By Susan Ritchie
How do I say ‘no’?
This is one of the most frequent questions I’m asked. My usual response became a chapter in my book last year – a recipe for saying no that works. Most of the time.
However, recent experience has taught me that there are occasions when saying ‘no’ will prove to be extremely challenging. I say this as someone who has recently turned down a request, knowing there would be major repercussions.
I was uncomfortable about saying no, and very nearly caved in and agreed. It was the physical reaction I had to the request that stopped me. In the end I said ‘no’ and faced the consequences, something I was prepared for. But just what was it about saying ‘no’ that made me feel so uncomfortable?
Here are the 5 reasons you won’t say ‘no’, and maybe never will.
Do these sound familiar?
1. To ease someone else’s workload. Your ‘no’ invariably turns into someone else’s ‘yes’. This can be tough to handle. However, someone else’s inability to say ‘no’ or not set their own boundaries, is not your responsibility. It’s really not – understand this. It’s not always easy to feel comfortable with this way of thinking, but with practice, it gets easier.
2. To lessen your own feelings of guilt. If you’ve managed number 1, you may be feeling guilty. But is it guilt you’re feeling, or a misplaced sense of responsibility? The truth is, guilt can often mask a deeply hidden belief in our own importance. You won’t be the only person who can carry out the other person’s request – there will be others. And what other emotion could you choose to feel instead of guilt/responsibility? What else might be more helpful – to them and you?
3. To maintain the image someone has of you. If you’ve spent your life being a people pleaser/always done a good job/you’re the one we can rely on/everyone loves me…(you get the picture), then maybe it’s time you grew up. Sounds harsh? This was a tough lesson for me. People pleasing is an addictive way to behave and the result is that so much of your identity is tied up with other people’s perceptions of you. This means your opinion of yourself depends on theirs. But life isn’t like that. In the real world, we can’t expect to be liked all the time and learning to stand up for yourself necessarily involves letting the halo slip. But you know what? It’s ok – you’ll survive.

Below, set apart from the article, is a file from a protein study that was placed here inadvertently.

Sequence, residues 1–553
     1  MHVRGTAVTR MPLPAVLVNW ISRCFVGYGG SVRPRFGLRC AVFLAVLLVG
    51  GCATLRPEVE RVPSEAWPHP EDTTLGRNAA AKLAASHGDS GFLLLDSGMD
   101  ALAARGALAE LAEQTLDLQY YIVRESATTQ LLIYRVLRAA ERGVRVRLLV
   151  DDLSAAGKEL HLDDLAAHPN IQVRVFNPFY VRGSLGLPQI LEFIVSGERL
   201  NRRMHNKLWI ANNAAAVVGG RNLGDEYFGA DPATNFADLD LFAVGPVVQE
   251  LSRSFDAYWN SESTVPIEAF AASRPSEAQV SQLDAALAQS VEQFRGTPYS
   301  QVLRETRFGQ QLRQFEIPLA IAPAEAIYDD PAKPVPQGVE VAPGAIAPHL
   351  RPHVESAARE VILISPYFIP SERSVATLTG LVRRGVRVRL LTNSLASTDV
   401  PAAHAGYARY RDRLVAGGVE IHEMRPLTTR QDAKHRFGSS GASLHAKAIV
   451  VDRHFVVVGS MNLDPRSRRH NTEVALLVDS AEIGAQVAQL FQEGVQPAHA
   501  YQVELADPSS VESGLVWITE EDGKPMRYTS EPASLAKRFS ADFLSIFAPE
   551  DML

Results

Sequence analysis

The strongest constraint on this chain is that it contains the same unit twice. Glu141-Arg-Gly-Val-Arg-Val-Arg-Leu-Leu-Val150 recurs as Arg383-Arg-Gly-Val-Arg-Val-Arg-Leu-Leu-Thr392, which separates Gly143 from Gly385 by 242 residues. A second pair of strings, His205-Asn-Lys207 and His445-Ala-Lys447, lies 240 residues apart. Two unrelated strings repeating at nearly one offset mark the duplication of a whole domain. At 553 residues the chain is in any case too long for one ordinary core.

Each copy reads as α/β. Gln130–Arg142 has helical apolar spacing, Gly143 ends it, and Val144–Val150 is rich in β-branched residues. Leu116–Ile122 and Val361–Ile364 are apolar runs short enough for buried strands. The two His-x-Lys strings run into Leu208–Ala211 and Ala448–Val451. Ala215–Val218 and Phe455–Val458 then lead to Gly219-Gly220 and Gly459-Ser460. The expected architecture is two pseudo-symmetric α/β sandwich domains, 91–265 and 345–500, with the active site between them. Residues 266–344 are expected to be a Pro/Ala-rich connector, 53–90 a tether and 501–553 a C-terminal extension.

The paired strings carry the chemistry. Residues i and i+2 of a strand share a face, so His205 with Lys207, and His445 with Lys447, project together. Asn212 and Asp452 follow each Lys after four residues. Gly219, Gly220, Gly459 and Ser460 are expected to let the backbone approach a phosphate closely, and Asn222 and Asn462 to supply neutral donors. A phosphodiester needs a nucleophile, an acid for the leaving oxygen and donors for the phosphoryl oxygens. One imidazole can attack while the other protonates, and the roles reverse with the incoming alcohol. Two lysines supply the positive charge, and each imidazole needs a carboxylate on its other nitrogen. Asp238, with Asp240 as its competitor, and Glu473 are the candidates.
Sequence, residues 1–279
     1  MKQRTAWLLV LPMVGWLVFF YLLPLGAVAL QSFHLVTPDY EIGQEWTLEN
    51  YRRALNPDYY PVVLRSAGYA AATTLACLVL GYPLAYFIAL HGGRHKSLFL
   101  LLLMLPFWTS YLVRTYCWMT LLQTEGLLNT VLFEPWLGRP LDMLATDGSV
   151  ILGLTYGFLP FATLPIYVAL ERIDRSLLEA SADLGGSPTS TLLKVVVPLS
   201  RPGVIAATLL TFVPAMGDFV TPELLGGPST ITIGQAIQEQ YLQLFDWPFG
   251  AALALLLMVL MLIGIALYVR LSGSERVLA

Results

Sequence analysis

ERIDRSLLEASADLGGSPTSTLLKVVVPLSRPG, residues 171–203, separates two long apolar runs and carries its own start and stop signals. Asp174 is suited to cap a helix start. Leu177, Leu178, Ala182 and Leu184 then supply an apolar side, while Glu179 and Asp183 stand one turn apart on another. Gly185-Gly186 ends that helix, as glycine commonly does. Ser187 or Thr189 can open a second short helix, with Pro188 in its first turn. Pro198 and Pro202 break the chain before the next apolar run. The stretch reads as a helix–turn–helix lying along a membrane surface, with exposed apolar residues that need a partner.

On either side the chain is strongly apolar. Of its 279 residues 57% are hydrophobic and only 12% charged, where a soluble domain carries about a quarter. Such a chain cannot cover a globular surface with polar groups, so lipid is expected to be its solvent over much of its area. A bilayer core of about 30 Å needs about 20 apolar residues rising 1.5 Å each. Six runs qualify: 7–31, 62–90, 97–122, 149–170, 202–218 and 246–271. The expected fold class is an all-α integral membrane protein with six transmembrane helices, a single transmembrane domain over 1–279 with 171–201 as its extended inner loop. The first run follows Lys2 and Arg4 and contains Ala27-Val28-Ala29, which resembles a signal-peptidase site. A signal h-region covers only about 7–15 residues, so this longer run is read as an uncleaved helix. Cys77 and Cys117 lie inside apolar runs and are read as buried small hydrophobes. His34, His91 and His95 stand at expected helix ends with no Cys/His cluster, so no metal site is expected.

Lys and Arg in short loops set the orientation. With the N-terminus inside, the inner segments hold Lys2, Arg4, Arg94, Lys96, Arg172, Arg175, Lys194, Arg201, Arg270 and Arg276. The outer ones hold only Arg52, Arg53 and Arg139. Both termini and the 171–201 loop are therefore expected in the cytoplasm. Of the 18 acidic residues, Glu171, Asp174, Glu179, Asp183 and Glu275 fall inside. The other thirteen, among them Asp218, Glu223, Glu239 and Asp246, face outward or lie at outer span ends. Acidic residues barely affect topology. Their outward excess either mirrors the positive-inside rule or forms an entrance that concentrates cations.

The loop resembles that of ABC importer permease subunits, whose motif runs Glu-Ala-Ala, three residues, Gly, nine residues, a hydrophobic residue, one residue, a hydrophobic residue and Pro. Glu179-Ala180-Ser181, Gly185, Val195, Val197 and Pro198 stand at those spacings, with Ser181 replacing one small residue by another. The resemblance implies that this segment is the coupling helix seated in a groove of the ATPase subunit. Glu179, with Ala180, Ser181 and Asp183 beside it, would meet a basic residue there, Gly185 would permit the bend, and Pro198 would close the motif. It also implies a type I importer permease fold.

4. Because it’s what we do around here. At work, there may be things that happen that have become accepted custom and practice over time. It doesn’t mean it’s right, healthy (or even legal!). If you can get the hang of numbers 1,2 and 3, then you’ll be in a much better place to begin to deal with this tricky phrase. Understanding what works well for you and learning to communicate that is a way forward. Set some boundaries and demonstrate that your way of working reaps rewards .
5. Because you’re scared not to. It’s worth noting that saying ‘no’ will have repercussions. You need to be prepared for these. I have found that most of the time, saying ‘no’ has had no lasting major effects. It has often felt like a huge thing to me, but other people move on pretty quickly. Decide how important saying ‘no’ is – pick your ‘no’s carefully and make them matter. Be in a place of positive intent, not negatively fuelled resentment or stubbornness. Act from your core values and it’s easier to ‘feel the fear and do it anyway’.
At work, what have you said ‘no’ to? What was your experience of saying it? What helped? Or is it something you’re still waiting to be able to say?
My name is Susan Ritchie and I work with professional women and female entrepreneurs to help them have more presence and personal impact at work. If you’d like help learning how to say ‘no’, then A Woman of Power, a one day workshop, may just be what you’re looking for. Lincoln and London dates available.